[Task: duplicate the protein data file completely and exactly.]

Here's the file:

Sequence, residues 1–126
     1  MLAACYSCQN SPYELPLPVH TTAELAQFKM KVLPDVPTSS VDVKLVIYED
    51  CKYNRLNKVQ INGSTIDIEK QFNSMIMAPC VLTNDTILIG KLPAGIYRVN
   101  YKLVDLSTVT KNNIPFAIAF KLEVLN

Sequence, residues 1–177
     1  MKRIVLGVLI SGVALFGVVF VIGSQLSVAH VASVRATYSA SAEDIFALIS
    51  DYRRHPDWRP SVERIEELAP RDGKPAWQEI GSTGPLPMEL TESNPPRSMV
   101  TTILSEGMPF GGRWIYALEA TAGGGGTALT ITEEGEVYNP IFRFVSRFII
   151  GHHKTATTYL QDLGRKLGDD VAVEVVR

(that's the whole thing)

Sequence, residues 1–126
     1  MLAACYSCQN SPYELPLPVH TTAELAQFKM KVLPDVPTSS VDVKLVIYED
    51  CKYNRLNKVQ INGSTIDIEK QFNSMIMAPC VLTNDTILIG KLPAGIYRVN
   101  YKLVDLSTVT KNNIPFAIAF KLEVLN

Sequence, residues 1–177
     1  MKRIVLGVLI SGVALFGVVF VIGSQLSVAH VASVRATYSA SAEDIFALIS
    51  DYRRHPDWRP SVERIEELAP RDGKPAWQEI GSTGPLPMEL TESNPPRSMV
   101  TTILSEGMPF GGRWIYALEA TAGGGGTALT ITEEGEVYNP IFRFVSRFII
   151  GHHKTATTYL QDLGRKLGDD VAVEVVR